From games to frames

by | 23rd May 2017 | News

Home News From games to frames

Ship & Boat International: eNews May/June 2017



For some naval architects, virtual reality (VR) is proving a useful addition to the toolbox. One such company to have adopted VR is Dutch yacht design studio Vripack, which has been making use of this technology over the past two to three years as part of its six-year mission – launched in 2014 – to reduce the construction time of any new yacht by at least 25% without sacrificing vessel quality.


Vripack project manager Jeroen Droogsma tells Ship & Boat International: “We’ve primarily been using VR for our clients, our internal staff and for shipyards. For clients, VR is a means of design validation – they can see exactly what the finished yacht will look like, inside and externally, which can make them more confident about the end result.We can take a ‘mobile system’, comprising a laptop and HTC headset, to client meetings, whether sitting in an office or on a boat, so they can experience the proposed designs first-hand.”


Vripack currently uses Unity, a multi-platform package popular within the gaming industry, and one used to make a number of 2D and 3D apps and games including Assassin’s Creed and Wasteland 2.“Unity is open-platform, which is an advantage as we can script and write our own content and integrate all of our 3D AutoCAD-generated technical drawings,” Droogsma adds. If anybody considers the gaming industry to be frivolous, it’s worth remembering that it financially outguns the international film industry at present, and was worth an estimated US$91.5 billion in 2015. Gamers today demand more immersive, realistic and visually stunning graphics than ever before and gaming critics won’t hesitate to trash substandard or flawed products that fail to deliver.


Moving on to Vripack’s second VR consideration, the adoption of this technology has helped to enhance the designer’s internal work processes. “Our draughtsmen can process a lot of 3D info and check their own drawings using the headset,” Droogsma says. “It makes a big difference – they can see many more features and access more visual info than they would by relying on the drawings alone.”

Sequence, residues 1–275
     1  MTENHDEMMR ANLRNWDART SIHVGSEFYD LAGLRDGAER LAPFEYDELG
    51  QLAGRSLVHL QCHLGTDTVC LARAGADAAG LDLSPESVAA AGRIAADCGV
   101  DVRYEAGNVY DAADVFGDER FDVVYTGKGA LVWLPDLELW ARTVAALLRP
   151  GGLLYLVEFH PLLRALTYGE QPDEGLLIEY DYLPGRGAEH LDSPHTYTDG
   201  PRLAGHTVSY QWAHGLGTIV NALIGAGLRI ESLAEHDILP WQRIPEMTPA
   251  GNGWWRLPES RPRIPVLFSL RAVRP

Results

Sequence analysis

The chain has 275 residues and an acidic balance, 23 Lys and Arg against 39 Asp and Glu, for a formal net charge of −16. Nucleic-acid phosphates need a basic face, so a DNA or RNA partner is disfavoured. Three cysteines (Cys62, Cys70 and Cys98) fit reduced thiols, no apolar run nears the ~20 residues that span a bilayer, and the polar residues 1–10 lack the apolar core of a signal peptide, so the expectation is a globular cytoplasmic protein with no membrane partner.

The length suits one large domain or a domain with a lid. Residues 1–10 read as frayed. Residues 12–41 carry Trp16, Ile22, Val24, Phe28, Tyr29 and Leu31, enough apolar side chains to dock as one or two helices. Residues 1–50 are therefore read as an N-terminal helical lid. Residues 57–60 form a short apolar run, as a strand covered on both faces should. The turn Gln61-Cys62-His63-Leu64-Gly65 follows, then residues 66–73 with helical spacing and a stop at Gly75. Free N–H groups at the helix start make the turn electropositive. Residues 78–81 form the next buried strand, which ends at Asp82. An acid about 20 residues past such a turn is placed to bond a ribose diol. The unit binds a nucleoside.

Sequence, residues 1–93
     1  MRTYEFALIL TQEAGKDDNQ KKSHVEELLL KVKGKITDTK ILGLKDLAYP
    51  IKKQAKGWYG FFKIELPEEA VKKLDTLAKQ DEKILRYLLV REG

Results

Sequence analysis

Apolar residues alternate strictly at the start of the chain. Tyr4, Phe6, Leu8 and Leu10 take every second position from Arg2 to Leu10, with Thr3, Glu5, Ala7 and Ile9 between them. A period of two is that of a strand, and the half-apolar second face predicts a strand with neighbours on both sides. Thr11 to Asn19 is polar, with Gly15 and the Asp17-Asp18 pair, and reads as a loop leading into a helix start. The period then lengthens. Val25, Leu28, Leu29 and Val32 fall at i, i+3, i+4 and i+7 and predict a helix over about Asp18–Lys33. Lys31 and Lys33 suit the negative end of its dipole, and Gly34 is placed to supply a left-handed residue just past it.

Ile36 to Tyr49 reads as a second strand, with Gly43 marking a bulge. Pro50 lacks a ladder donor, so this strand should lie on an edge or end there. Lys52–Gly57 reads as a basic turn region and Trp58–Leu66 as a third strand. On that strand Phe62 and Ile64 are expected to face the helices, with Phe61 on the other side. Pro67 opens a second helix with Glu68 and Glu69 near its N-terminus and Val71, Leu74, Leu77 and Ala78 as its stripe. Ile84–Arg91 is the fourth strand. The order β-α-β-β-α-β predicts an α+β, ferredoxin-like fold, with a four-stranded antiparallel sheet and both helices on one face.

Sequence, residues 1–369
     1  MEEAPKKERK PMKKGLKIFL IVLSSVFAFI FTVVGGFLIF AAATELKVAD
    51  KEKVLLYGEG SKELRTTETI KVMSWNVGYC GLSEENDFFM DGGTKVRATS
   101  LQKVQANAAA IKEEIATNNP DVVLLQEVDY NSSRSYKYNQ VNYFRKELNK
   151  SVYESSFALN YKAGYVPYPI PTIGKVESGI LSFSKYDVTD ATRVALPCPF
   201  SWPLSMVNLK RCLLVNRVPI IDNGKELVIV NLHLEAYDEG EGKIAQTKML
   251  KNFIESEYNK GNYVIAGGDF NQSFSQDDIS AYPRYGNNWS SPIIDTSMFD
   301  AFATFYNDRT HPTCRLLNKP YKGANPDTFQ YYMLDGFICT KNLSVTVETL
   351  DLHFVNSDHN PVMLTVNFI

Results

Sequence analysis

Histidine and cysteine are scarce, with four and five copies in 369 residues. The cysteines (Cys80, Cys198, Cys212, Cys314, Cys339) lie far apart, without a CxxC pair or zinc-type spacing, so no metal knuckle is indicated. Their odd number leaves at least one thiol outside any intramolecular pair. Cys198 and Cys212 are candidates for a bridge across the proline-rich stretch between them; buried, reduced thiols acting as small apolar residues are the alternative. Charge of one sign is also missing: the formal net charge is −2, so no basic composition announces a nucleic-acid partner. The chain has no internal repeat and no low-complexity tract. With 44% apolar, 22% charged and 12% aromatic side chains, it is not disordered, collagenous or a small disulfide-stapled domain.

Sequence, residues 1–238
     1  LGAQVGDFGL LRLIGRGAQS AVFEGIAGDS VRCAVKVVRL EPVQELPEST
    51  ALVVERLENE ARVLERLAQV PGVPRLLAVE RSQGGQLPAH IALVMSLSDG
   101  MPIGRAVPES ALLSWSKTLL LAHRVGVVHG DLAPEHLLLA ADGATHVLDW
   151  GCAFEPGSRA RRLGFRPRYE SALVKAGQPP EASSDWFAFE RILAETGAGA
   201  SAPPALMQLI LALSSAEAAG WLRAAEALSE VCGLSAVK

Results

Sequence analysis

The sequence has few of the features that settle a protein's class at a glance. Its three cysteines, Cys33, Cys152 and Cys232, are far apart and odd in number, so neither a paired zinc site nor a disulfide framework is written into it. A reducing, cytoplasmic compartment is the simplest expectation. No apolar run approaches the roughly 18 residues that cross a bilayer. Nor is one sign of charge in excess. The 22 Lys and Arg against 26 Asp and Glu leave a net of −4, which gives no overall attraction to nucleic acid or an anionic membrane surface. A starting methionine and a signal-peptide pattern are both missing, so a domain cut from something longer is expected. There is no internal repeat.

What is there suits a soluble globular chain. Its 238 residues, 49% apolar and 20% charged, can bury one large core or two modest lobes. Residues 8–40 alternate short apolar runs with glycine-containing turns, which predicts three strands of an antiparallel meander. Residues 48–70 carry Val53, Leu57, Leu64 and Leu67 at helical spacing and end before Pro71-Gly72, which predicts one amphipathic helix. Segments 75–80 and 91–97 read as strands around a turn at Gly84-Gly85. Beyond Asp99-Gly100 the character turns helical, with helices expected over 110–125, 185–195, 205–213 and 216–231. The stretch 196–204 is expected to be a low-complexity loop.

On one hand, VR produces a realistic preview of the onboard layout– the positioning of seating, tables, displays, partitions and cabin features, for instance – but it can also highlight factors related to naval architecture. Droogsma continues: “For instance, when we’re designing frames, VR answers questions such as, ‘Can you weld in this particular area?’ The area may incorporate a big space, but you need to know whether you can access it to weld – this is information you can’t obtain by paper alone.”


Thirdly, VR has proven an effective tool when dealing with shipbuilders. As is the case with its boatowner clients, Vripack is able to pack up a laptop and headset and transport the virtual experience directly to the shipyards – inviting the builder to don the headset and ‘walk around’ the virtual vessel. “We’ve used VR when working with German builder Bavaria Yachts,” Droogsma explains. “The platform helped the yard to run checks quickly and to save a lot of work. What might have previously taken weeks of work was completed in a couple of hours.” 


In some cases, Vripack has calculated, the group might be able to cut failure costs, constituting a phenomenal saving. As a result of the aforementioned contract, virtual prototyping was used extensively in the development of Bavaria Yachts’ 12m x 4.2m, GRP-fashioned E40 motor yacht.


With all of this said, Vripack is clearly an early adopter within the yacht design sector. By his own admission, Droogsma says: “I’m not sure if the marine industry is ready for VR yet. Some sections of the industry still suffer from a ‘mental block’ when it comes to using it." However, he remains optimistic, adding: “Our aim is to prove the benefits of VR to the sceptical – it’s just a matter of time.” Further down the line, Vripack envisages the in-house development and utilisation of a holographic representation of a yacht, enabling clients and company personnel alike to dispense with the headsets and virtually inspect and tour an in-house, life-sized hologram. This feature may be one which comes to fruition in the next decade, Droogsma hints.





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